It’s always fun when you get to talk to someone you watched as a kid, now that they’re away from the game and more relaxed. Michael Jordan, believe it or not, was never on the cover of an official NBA video game until after he retired. I interviewed him about that. I talked to Magic Johnson when a play was made about his friendship and rivalry with Larry Bird. They enjoyed talking about that stuff. Mike Krzyzewski, the coach, and Jerry Colangelo, the USA Basketball chairman, both wrote books after the 2008 Olympics, so it was neat to learn some details I hadn’t already known. And Chris Mullin, who now coaches St. John’s, was my favorite player when I was a kid, so it was a thrill when I got to meet him and then cover his Hall of Fame induction.

You have covered the Olympics, NBA Finals, NCAA Finals, and baseball. Which one is the hardest to cover -- why?
They all have certain types of challenges. The Olympics has the most obstacles with things like security, foreign languages, etc. Are your phone and internet going to work? Does the person you have to interview speak any English? But, it’s the most rewarding of them once you get everything all figured out. With baseball, you never know how long your day is going to be. You can start around 3 or 3:30 for pregame, then have a game that goes extra innings and next thing you know you get home at 2 a.m. and they have a day game the next day.

Have you contemplated writing a book?
Yes, I have. In fact at one point I thought I was going to do one. I had been asked by a company, and I started working on it but while I was waiting for all the necessary approvals from my company, they got someone else. The thing I realized then is how difficult it would be for someone like myself, whose average story is probably about 600-700 words, to write long enough. It’s like going from a 40-yard dash to a marathon.

What trends do you see going on in the media that concern you? Do you also see opportunities?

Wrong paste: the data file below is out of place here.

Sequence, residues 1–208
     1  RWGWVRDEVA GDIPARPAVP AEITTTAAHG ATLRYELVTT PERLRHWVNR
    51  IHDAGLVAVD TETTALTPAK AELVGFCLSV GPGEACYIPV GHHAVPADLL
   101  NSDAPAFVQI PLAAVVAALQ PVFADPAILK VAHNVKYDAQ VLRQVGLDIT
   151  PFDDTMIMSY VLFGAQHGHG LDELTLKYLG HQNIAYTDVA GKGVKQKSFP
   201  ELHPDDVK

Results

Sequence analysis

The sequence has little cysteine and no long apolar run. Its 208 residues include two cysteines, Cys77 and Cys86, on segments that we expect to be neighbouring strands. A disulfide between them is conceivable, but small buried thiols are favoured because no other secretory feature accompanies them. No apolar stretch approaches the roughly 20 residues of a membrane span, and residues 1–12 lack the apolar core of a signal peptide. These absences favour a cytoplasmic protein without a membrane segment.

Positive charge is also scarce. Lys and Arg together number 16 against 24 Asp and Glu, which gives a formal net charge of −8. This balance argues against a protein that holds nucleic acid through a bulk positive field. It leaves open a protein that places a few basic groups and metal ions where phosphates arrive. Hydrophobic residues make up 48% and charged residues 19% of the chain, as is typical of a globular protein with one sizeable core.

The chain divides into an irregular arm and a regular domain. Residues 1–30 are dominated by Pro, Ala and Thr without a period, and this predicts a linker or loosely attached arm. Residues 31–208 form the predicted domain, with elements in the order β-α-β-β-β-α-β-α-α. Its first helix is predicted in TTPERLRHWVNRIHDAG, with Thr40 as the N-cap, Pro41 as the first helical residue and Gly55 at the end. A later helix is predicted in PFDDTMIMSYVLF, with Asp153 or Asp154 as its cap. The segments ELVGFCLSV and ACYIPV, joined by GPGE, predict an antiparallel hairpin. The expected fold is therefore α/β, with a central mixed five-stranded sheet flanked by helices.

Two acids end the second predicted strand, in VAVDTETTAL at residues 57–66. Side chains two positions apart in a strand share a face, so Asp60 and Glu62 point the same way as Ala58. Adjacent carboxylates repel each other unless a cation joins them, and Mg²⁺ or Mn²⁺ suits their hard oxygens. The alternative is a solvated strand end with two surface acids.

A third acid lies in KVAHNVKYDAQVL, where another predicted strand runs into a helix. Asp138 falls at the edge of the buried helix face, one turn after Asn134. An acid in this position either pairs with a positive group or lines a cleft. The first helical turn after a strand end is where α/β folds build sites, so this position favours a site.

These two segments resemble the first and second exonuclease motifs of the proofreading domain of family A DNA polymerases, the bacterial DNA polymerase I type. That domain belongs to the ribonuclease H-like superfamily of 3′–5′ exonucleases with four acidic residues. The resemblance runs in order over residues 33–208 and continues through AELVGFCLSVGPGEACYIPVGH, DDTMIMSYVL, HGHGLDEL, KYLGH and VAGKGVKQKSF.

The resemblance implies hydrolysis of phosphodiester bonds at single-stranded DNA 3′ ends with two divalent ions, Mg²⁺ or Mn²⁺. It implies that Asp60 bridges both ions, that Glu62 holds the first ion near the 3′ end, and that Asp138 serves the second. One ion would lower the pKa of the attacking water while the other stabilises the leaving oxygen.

Obviously we all saw the recent layoffs at ESPN. I have a lot of friends out of work. So I think we’re all concerned. Players and teams have found ways to lessen the importance of the media by using their own writers and websites to provide (positive) coverage. But, I also think this last election and what’s gone on since has reinforced the importance of a professional, honest media that’s providing straight facts, so that’s encouraging.

Can you give hope to the fans of the team you cover, the Knicks, and tell us one day James Dolan will sell the team?
No, I cannot. To his credit, Dolan cares greatly about delivering a good product at Madison Square Garden, and the arena, entertainment, concessions and everything else are as good as you’ll find. But he’s terrible at owning a basketball team and makes poor decisions, such as firing good people too soon and sticking with the wrong ones too long. So, hope for the Knicks is hard to find.

Brian Feinblum’s views, opinions, and ideas expressed in this blog are his alone and not that of his employer. You can follow him on Twitter @theprexpert and email him at He feels more important when discussed in the third-person. This is copyrighted by BookMarketingBuzzBlog 2017©. Born and raised in Brooklyn, now resides in Westchester. Named one of the best book marketing blogs by Book Baby